"Every person -in every country in the world- should have the opportunity to live a long and healthy life."
(World Health Organization, www.who.int/health-topics/ageing)
The heart ages?
Particularly in view of the fact that the global population of people over 60 is expected to almost double to more than 2 billion by 2050 (World Health Organization), it is essential to ensure healthy aging and therapeutic measures for age-related diseases. All countries worldwide are increasingly faced with the challenge of preparing their health and social systems for this demographic shift and its associated consequences. In this context, the aging process represents a significant risk factor for the development of a wide range of diseases. In particular, aging is accompanied by profound changes in the cardiovascular system: At the cellular level, changes in mitochondria, the energy power plants of the cells, accumulation of free oxygen radicals, and increasing inflammatory processes accompanied by a limited repair capacity of the cells become apparent during the course of life. At the organ level, hypertrophy of the heart tissue and increased accumulation of connective tissue both in the heart (so-called myocardial fibrosis) and in the large vessels can be found, as well as the development of arteriosclerotic plaques and a deterioration of cardiac function. These mechanisms, in complex interactions also with other organs, lead to the clinically visible pictures of hypertension, coronary heart disease, myocardial infarction and heart failure. Therefore, a significant increase in cardiovascular diseases can be expected, especially from the 5th decade of life. Research into and elucidation of these mechanisms and underlying causes, as well as their treatment and prevention, are essential to adequately counter the predicted massive increase in cardiovascular diseases, especially in the elderly population.
Which animal model for what?
In biomedical research, various animal models are available to test research questions in the cardiological field. In particular, rodent species and pigs are currently used to study molecular and functional mechanisms of cardiac pathologies, to test new surgical methods and therapeutic options, or to identify potential biomarkers for cardiovascular diseases. Although a lot of essential information can be obtained in these ways, various differences between animal species and the genetic distance to humans in some areas limit the translation of obtained knowledge to the human situation.
The use of non-human primate species opens up new possibilities here: Particularly short-lived species such as the common marmoset (Callithrix jacchus, 300-500g, average age 12 years) show the first natural signs of aging such as cartilage defects, hearing loss and nerve cell degeneration already at the age of a few years. In addition, it is known from colony studies that they can develop obesity and diabetes comparable to humans.
What is it about?
As part of the research focus "Cardiovascular Aging", our department is investigating and characterizing the common marmoset as a potential animal model for age-associated cardiovascular changes as a first step. Molecular biological investigations are used in an interdisciplinary project funded by the German Center for Cardiovascular Research e.V. (Deutsches Zentrum für Herz-Kreislauf-Forschung e.V.) together with functional cardiac catheterizations and non-invasive imaging techniques to collect physiological data for the species common marmoset. In cooperation with internal and external colleagues, additional organs will also be examined for signs of aging. In a second step, biomarkers and possible human-relevant therapeutic targets for the occurring changes will be identified before these can be tested in the future using disease models.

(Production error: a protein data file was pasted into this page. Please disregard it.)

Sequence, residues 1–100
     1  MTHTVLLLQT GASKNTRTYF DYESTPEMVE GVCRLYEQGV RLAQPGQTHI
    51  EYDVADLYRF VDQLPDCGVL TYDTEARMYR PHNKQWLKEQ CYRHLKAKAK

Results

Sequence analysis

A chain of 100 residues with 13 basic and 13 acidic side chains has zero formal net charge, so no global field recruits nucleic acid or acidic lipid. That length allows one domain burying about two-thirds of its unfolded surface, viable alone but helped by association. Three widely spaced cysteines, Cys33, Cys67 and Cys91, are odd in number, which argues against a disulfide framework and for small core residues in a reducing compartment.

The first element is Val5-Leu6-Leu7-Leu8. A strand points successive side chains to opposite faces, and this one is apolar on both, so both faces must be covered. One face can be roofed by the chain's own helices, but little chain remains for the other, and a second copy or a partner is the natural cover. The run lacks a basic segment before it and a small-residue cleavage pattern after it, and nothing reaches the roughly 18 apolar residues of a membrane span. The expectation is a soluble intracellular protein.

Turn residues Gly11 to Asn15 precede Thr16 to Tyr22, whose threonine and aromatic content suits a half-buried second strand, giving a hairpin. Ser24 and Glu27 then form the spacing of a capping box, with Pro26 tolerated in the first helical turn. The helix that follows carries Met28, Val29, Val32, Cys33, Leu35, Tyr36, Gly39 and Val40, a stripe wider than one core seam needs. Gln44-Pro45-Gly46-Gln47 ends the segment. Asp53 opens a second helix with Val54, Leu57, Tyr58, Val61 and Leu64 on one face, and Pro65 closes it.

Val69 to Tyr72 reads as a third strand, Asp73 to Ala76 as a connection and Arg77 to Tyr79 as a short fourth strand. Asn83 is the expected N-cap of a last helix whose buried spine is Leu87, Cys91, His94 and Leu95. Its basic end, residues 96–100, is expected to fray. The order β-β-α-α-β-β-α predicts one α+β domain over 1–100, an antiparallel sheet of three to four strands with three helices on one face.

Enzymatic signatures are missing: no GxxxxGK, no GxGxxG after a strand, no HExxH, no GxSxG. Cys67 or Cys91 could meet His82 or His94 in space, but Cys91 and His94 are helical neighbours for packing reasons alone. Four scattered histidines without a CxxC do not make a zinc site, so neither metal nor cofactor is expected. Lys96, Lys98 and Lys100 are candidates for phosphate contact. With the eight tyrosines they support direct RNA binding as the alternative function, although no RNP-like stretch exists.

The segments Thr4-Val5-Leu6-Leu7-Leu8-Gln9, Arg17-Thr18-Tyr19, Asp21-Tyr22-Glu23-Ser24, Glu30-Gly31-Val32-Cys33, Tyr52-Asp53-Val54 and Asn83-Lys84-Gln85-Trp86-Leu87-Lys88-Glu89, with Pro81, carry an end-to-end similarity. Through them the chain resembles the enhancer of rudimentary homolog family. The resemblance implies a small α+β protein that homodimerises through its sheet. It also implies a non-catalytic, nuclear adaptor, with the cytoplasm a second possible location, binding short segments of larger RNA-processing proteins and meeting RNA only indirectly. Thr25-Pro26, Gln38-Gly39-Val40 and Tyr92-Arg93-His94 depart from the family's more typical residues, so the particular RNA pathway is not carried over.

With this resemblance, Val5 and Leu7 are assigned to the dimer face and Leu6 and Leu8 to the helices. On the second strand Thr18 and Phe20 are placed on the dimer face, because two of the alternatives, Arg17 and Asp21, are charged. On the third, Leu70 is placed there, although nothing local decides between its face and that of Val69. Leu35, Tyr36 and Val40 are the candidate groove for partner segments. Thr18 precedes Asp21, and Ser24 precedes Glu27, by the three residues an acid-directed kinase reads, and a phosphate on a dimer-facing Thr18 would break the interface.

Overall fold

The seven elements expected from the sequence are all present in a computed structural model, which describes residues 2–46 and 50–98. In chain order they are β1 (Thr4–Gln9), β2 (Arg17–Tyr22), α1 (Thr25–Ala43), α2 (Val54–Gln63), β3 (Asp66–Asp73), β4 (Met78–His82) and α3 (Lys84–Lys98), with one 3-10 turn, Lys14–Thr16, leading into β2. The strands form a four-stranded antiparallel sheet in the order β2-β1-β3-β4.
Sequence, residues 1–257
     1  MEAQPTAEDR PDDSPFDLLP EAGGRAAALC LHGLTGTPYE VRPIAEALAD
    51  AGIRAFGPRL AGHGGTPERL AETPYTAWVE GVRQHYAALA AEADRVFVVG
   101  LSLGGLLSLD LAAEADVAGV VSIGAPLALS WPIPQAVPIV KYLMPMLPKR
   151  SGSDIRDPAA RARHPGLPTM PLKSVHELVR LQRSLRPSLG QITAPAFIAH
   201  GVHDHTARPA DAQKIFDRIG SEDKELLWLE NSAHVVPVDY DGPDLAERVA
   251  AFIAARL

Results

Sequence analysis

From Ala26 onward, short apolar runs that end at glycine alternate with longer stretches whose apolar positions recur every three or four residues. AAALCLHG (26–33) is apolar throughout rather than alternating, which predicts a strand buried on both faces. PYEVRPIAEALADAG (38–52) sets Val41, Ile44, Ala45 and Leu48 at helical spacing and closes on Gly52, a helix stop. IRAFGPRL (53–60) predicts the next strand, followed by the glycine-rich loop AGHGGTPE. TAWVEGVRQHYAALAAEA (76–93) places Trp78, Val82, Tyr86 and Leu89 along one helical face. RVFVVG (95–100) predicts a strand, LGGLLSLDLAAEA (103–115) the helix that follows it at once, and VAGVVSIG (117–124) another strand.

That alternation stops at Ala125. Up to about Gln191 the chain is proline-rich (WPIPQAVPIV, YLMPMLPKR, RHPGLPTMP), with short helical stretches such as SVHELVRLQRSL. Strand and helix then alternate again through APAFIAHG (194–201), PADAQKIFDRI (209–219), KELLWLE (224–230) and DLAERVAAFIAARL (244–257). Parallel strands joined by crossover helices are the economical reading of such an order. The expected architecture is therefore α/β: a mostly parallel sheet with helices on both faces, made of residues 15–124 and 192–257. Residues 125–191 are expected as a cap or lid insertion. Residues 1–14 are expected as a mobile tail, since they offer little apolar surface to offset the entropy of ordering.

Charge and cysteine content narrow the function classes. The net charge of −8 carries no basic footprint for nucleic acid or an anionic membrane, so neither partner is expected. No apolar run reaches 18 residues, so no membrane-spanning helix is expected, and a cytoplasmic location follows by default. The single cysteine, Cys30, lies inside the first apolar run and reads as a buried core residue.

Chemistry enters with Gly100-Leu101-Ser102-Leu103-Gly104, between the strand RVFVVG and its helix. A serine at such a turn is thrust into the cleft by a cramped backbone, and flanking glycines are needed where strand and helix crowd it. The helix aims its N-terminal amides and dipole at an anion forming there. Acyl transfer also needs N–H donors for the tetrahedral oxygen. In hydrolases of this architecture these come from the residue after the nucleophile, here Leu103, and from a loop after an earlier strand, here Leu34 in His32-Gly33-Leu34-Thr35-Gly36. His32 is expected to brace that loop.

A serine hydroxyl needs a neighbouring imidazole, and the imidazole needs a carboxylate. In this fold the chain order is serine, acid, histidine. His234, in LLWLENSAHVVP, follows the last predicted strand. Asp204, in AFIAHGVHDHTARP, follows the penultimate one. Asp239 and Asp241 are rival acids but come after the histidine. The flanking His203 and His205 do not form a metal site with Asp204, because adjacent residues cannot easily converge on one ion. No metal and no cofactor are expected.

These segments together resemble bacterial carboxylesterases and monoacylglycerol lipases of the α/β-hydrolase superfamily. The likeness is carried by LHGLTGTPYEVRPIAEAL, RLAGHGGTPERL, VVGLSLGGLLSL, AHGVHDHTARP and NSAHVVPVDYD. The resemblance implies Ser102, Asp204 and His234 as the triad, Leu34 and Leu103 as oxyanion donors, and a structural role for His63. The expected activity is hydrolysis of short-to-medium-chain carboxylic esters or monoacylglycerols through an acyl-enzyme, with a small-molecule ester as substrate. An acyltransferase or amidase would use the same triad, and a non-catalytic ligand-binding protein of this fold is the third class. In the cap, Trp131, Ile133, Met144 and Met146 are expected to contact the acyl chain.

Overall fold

Aortas from a young (top) and old (bottom) common marmoset stained with Oil Red O (ORO) stain to mark fatty deposits/plaques in the vessel.
Images of a joint cooperation project with the Max Planck Institute for Multidisciplinary Natural Sciences, Translational Molecular Imaging Group (Head: Prof. Frauke Alves): Shown are sections from the heart tissue of common marmosets visualized by multiphoton microscopy. In different areas (top row: Heart tissue, middle row: Vascular areas, bottom row: Heart surface), different tissue types can be visualized using this imaging technique. In superimposed images (right column), connective tissue thus becomes visible in white (taken from Khan et al. Label-free imaging of age-related cardiac structural changes in non-human primates using multiphoton nonlinear microscopy, Biomed Opt Express. 2021 Nov 1; 12(11): 7009-7023).
Example images of histological staining from heart tissue of young (left) and old (right) common marmosets to show connective tissue (blue) between purple heart tissue.
Medizinische Hochschule Hannover: Prof. Thomas Thum
Institut für Pharmakologie und Toxikologie - Universitätsmedizin Göttingen : Priv-Doz. Dr. rer. nat. Laura Zelarayan
Max-Planck-Institut für Neurobiologie des Verhaltens – caesar: Dr. Silke Haverkamp
Max-Planck-Institut für Multidisziplinäre Naturwissenschaften, Arbeitsgruppe Translationale Molekulare Bildgebung: Prof. Frauke Alves
Universitätsmedizin Göttingen Institut für Neuroanatomie: Prof. Jochen Staiger
Abteilung Funktionelle Bildgebung
Forschungsplattform Degenerative Erkrankungen